of debris out of his way. He reached the top of the hill and stopped, panting, staring around him. The sky was overcast, drifting clouds of gray particles. Bare trunks of trees jutted up occasionally; the ground was level and bare, rubble-strewn, with the ruins of buildings standing out here and there like yellowing skulls.
The Russian was uneasy. He knew something was wrong. He started down the hill. Now he was only a few paces from the bunker. Eric was getting fidgety. He played with his pistol, glancing at Leone.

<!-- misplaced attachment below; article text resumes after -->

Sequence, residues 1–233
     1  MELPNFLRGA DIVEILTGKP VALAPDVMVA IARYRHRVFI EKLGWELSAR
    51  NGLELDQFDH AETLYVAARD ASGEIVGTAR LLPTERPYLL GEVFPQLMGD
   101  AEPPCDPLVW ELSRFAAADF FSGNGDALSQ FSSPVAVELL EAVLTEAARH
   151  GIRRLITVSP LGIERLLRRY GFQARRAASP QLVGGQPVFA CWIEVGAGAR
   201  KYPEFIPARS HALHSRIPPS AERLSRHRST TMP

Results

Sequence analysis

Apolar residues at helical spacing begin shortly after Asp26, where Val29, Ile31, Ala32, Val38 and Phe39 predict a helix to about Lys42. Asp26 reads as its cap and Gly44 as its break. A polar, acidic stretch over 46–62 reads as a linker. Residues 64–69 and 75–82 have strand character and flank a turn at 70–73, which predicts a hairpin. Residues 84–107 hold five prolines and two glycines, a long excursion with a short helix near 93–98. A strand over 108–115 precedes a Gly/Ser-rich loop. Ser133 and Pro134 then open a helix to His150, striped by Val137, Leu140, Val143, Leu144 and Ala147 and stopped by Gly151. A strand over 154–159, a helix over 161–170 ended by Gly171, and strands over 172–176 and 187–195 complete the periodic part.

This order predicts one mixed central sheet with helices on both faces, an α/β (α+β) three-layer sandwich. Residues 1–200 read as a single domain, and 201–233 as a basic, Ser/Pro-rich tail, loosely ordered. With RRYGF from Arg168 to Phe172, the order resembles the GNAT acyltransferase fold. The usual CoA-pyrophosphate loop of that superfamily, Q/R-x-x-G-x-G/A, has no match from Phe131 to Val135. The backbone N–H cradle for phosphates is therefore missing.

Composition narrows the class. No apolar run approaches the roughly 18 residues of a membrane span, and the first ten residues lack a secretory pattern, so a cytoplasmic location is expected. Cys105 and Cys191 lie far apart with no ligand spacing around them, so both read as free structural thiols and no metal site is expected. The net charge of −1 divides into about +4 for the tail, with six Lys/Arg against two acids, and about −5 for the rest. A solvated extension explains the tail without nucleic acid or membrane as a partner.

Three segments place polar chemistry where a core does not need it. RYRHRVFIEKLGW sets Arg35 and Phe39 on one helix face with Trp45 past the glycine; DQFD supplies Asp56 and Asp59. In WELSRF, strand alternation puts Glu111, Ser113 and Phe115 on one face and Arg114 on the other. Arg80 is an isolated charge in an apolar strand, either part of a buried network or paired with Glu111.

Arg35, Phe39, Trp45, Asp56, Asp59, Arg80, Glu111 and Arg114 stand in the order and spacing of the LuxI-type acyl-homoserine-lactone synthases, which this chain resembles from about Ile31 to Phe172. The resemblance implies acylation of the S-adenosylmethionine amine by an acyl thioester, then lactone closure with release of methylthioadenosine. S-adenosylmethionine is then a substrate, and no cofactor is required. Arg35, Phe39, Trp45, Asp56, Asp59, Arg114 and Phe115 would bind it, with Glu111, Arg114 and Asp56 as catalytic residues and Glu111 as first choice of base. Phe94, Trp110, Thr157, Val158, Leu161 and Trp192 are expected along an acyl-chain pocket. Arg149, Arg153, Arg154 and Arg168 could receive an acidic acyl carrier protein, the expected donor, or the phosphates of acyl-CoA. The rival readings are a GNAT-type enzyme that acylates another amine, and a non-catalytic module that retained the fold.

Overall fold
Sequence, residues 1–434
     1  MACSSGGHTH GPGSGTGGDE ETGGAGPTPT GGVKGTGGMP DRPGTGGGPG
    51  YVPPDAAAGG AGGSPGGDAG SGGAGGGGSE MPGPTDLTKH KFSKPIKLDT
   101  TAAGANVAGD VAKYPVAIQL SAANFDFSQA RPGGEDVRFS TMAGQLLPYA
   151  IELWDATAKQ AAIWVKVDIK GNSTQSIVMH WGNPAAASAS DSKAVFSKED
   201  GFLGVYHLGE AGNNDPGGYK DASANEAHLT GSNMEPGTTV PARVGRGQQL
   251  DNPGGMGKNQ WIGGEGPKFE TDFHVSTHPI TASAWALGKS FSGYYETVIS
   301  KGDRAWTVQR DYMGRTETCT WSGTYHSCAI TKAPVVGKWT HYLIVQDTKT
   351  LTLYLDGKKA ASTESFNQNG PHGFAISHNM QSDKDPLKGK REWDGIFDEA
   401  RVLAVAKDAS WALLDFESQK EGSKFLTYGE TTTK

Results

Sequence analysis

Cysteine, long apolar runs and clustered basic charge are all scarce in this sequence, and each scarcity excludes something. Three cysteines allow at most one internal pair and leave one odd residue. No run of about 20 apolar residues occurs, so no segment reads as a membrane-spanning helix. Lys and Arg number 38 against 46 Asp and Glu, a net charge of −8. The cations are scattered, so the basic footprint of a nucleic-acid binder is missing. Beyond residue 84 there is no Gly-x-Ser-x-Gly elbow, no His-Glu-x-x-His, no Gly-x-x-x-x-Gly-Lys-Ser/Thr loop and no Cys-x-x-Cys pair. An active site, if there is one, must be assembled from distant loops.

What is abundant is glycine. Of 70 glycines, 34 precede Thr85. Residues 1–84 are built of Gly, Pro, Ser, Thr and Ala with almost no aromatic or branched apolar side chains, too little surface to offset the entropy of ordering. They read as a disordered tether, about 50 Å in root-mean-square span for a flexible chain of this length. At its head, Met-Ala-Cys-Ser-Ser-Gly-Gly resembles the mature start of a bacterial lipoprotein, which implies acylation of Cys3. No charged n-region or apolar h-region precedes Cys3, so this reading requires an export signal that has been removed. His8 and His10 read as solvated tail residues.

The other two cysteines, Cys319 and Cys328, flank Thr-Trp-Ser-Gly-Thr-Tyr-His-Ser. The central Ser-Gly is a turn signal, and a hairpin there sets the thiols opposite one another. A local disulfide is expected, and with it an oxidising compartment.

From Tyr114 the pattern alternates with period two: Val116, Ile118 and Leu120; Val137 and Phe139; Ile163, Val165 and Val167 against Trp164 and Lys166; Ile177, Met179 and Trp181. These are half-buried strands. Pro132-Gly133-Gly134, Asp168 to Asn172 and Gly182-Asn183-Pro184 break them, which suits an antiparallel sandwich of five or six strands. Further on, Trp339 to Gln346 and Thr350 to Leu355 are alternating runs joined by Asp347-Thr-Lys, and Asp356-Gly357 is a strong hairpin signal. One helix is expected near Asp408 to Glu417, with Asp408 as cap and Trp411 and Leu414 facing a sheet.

“Don’t worry,” Leone said. “He won’t get here. They’ll take care of him.”
“Are you sure? He’s got damn far.”
“They hang around close to the bunker. He’s getting into the bad part. Get set!”
The Russian began to hurry, sliding down the hill, his boots sinking into the heaps of gray ash, trying to keep his gun up. He stopped for a moment, lifting his